The OC Transpo system map and Google Street View showed these bus routes traveling through an at-grade rail intersection:
  • Transitway, north of Fallowfield Station
  • 114 on Conroy
  • 192 on Michael Street 
  • 149 on Pleasant Park
  • 99 on Lester
  • 146 on McCarthy
  • 116, 176 on Merivale
  • 170 on Greenbank
  • 170, 173 on Jockvale
  • 170 on Strandherd
  • 70, 76, 170, 173 on Fallowfield
  • 181 on Herzberg
  • 60, 93, 181 on March
  • 232 on Rockdale
  • 232 on Boundary
  • 232 on Piperville
  • 232 on Anderson

Because it follows more than one routing, route 170 crosses train tracks once in a trip during the daytime on weekdays and three times on weekday evenings or weekends.

Friday, December 27, 2013

Construction update: Downtown tunnel eastern portal, Dec. 2013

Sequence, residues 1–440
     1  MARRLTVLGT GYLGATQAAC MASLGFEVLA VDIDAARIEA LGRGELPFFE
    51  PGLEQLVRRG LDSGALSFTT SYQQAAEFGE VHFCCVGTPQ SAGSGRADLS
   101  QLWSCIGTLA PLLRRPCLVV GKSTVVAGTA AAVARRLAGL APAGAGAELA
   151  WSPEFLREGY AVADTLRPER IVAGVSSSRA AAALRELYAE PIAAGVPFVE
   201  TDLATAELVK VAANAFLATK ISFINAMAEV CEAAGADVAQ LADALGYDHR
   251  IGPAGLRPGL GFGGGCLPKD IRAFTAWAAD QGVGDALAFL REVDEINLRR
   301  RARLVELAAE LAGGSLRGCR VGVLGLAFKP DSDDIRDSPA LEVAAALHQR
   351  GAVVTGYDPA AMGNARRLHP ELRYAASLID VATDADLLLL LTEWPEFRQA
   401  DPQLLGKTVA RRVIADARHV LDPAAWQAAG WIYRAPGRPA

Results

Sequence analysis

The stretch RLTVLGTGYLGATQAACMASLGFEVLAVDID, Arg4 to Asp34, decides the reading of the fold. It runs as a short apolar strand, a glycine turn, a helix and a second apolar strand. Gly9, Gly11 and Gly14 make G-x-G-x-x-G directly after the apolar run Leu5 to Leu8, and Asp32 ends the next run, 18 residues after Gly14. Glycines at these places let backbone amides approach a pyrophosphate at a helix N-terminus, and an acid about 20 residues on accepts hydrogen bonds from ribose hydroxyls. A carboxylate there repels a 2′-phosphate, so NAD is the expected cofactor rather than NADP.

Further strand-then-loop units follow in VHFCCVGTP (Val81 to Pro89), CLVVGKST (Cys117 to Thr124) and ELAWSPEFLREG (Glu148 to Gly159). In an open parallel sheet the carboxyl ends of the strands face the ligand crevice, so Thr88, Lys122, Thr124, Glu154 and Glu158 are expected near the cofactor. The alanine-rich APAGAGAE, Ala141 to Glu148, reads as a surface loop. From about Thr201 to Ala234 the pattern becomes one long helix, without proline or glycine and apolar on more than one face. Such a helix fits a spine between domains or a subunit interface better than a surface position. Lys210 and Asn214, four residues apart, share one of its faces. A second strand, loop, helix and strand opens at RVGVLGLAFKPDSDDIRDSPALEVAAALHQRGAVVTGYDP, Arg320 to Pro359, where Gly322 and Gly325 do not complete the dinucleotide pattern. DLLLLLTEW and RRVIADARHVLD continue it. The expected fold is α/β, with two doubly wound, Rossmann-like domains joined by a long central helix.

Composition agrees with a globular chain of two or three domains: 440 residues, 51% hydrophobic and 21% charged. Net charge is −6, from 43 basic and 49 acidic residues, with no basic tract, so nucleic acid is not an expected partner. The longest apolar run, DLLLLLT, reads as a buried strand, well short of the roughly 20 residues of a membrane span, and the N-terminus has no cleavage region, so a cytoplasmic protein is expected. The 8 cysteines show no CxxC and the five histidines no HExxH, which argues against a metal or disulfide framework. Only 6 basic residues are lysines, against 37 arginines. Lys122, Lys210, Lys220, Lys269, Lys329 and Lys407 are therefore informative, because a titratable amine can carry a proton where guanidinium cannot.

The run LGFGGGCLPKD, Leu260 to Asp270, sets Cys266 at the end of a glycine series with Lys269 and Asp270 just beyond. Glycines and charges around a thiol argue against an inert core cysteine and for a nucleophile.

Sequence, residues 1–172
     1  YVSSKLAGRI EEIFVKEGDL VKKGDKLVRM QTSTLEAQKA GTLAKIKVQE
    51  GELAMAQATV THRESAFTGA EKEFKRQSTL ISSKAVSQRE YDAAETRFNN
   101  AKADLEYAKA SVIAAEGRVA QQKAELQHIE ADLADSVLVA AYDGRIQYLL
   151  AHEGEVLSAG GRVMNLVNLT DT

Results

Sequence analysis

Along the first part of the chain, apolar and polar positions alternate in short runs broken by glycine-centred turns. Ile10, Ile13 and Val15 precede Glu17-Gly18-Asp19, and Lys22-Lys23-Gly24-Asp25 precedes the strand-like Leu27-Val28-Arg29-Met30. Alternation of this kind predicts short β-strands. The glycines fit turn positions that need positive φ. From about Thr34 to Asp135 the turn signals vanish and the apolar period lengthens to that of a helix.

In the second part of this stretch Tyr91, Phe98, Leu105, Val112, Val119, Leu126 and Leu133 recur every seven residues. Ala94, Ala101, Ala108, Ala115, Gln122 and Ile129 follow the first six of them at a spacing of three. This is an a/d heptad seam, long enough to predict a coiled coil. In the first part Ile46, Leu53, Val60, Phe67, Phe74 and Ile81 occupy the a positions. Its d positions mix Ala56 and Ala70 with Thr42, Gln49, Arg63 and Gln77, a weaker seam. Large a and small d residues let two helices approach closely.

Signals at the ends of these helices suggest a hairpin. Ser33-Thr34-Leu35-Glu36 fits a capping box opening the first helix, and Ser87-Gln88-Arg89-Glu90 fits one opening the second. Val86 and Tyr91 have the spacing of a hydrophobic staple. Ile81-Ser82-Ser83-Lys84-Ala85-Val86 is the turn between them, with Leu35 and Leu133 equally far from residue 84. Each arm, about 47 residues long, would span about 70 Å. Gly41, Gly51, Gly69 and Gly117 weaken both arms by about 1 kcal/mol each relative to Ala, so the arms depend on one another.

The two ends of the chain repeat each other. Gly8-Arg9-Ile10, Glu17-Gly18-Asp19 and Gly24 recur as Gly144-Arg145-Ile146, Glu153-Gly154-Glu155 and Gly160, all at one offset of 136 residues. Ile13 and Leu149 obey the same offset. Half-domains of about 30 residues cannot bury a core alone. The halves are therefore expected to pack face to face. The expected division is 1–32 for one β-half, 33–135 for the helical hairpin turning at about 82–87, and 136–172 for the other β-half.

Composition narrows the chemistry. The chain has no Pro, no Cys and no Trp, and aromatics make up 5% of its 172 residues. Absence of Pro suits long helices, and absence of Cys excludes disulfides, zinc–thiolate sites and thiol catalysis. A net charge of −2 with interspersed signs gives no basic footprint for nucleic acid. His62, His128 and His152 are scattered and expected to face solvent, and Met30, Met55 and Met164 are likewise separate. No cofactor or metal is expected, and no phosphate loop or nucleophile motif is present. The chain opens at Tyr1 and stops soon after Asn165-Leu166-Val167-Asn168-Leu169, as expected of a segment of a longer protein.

On Boxing Day, I made my way to the University of Ottawa's Simard building to snap a few photos of the construction progress of the eastern portal of the downtown light-rail tunnel. Our last set of photos were taken in late October.




Wooden roof structures are in the process of being built. On the left, an additional piece lays on its side.




More skeletal roof.



It's not the best view, but a bit of the actual tunnel entrance can be seen. Also, construction crews will have to be careful of the pool of water.

That's all for now. For updates on the construction work, if you haven't already done so, check out the light-rail project website, ottawalightrail.ca.

Friday, December 13, 2013

OC Transpo Lost and Found to move in January

The OC Transpo Lost and Found centre will move from 153 Chapel Street to 404 McArthur Avenue in Vanier on January 2nd. The announcement on OC Transpo's special holiday webpage: